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Anna Seydell, David C. Knill, Julia Trommershäuser; Adapting internal statistical models for interpreting visual cues to depth. Journal of Vision 2010;10(4):1. doi: https://doi.org/10.1167/10.4.1.
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© ARVO (1962-2015); The Authors (2016-present)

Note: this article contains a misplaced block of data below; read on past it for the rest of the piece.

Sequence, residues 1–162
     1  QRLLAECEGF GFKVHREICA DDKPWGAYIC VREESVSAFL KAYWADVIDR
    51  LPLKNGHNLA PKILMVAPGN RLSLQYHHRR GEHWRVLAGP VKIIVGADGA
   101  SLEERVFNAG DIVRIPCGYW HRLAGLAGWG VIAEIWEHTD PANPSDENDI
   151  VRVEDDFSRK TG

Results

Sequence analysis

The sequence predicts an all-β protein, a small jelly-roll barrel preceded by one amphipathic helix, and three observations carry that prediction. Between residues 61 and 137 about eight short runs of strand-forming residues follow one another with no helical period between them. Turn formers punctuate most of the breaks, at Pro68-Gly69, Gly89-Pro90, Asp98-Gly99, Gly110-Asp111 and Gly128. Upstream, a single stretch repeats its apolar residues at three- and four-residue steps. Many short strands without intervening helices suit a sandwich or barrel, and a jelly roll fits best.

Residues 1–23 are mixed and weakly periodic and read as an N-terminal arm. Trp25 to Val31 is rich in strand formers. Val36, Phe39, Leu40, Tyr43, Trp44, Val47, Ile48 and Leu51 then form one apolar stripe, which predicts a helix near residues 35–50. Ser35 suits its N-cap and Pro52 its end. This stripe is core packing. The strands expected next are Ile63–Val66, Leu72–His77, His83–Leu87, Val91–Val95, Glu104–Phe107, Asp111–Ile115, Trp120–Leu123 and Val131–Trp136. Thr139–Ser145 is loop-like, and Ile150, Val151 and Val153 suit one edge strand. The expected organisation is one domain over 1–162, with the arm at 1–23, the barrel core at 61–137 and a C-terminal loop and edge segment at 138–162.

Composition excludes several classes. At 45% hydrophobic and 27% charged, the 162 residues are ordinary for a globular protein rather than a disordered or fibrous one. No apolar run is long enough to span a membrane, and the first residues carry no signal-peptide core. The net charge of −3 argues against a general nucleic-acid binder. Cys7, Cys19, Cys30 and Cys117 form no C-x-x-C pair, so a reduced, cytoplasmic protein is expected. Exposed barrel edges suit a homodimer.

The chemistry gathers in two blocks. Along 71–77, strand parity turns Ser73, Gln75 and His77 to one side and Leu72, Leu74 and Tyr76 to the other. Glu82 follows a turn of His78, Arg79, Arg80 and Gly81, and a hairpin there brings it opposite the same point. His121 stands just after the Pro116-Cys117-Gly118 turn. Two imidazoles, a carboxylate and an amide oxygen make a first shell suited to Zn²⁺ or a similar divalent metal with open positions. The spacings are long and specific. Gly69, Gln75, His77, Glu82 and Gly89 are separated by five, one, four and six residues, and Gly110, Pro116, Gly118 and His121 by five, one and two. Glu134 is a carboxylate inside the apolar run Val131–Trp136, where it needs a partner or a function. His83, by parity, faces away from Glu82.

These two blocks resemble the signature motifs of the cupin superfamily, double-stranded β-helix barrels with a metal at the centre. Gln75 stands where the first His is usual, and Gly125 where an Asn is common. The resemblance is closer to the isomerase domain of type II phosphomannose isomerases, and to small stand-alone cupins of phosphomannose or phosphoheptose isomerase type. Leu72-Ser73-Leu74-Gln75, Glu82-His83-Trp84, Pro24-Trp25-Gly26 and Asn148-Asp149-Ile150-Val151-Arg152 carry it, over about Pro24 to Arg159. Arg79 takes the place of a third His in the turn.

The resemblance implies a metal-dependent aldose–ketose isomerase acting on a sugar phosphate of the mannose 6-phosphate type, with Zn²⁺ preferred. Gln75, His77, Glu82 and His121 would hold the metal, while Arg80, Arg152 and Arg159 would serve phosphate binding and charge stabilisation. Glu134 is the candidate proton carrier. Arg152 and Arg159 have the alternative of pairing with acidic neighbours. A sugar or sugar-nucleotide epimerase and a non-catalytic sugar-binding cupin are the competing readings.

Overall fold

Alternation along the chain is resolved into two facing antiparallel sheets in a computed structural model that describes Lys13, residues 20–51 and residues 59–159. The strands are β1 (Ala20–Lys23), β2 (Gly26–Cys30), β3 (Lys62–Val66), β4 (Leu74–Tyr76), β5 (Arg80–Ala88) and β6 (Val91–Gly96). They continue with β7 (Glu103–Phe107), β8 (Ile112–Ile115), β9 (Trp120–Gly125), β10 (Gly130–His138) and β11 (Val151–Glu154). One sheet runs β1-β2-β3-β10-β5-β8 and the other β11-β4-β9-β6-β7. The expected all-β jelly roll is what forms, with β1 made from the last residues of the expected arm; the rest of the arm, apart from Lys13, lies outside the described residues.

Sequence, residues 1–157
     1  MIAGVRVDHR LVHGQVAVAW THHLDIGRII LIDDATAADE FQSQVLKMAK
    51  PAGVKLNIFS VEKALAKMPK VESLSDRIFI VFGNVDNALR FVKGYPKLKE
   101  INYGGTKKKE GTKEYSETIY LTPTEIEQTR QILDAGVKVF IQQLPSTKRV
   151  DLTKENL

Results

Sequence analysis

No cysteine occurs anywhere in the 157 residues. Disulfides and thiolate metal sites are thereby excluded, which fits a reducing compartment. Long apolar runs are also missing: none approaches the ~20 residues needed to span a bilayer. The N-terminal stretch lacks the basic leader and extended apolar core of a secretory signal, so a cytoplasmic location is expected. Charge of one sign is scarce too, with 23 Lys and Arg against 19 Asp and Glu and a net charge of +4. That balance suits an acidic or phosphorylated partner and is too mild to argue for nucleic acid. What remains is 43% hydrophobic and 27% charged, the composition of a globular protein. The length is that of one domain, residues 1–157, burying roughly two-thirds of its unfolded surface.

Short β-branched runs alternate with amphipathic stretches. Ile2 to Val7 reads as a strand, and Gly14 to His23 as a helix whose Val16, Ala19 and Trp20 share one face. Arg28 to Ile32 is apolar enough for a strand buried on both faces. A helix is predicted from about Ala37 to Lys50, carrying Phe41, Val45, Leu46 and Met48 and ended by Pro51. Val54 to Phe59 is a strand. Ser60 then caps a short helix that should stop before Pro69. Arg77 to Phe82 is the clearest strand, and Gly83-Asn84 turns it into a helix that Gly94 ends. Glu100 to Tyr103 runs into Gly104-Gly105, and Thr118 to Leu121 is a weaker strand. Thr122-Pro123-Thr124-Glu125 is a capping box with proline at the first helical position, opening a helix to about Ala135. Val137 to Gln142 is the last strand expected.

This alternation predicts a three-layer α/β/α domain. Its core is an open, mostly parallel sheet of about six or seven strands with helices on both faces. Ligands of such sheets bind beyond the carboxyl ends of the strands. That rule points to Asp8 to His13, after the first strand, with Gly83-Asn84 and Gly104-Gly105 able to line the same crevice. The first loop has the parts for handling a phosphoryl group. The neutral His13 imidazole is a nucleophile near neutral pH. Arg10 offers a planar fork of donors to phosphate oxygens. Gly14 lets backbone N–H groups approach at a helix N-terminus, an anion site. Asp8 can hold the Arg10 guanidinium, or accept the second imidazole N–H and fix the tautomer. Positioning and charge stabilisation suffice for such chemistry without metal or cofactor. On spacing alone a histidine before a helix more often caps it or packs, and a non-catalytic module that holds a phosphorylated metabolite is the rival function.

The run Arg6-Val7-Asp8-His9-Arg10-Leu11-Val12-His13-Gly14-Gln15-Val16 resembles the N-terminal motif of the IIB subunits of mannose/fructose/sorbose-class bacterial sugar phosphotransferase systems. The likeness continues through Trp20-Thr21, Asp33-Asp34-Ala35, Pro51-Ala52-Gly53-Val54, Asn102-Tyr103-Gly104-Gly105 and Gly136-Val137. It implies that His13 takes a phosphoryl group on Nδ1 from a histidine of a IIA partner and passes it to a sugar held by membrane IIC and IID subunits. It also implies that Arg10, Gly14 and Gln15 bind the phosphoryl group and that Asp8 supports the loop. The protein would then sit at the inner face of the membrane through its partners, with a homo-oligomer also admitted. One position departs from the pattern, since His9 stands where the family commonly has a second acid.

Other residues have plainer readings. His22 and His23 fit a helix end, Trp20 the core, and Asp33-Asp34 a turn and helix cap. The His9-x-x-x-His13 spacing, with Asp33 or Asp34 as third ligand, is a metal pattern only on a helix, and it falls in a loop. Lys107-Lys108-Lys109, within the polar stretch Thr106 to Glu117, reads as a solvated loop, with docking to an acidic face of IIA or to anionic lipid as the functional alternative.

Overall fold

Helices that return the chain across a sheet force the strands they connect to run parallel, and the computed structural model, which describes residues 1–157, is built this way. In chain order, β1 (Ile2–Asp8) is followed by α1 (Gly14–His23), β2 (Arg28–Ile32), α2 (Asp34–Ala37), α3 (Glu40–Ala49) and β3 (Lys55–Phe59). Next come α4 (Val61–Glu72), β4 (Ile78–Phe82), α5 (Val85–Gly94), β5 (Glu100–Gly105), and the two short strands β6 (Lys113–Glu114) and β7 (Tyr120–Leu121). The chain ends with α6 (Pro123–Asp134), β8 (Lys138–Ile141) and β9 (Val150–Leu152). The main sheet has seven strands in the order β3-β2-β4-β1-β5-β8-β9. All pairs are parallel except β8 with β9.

The informativeness of sensory cues depends critically on statistical regularities in the environment. However, statistical regularities vary between different object categories and environments. We asked whether and how the brain changes the prior assumptions about scene statistics used to interpret visual depth cues when stimulus statistics change. Subjects judged the slants of stereoscopically presented figures by adjusting a virtual probe perpendicular to the surface. In addition to stereoscopic disparities, the aspect ratio of the stimulus in the image provided a “figural compression” cue to slant, whose reliability depends on the distribution of aspect ratios in the world. As we manipulated this distribution from regular to random and back again, subjects' reliance on the compression cue relative to stereoscopic cues changed accordingly. When we randomly interleaved stimuli from shape categories (ellipses and diamonds) with different statistics, subjects gave less weight to the compression cue for figures from the category with more random aspect ratios. Our results demonstrate that relative cue weights vary rapidly as a function of recently experienced stimulus statistics and that the brain can use different statistical models for different object categories. We show that subjects' behavior is consistent with that of a broad class of Bayesian learning models.
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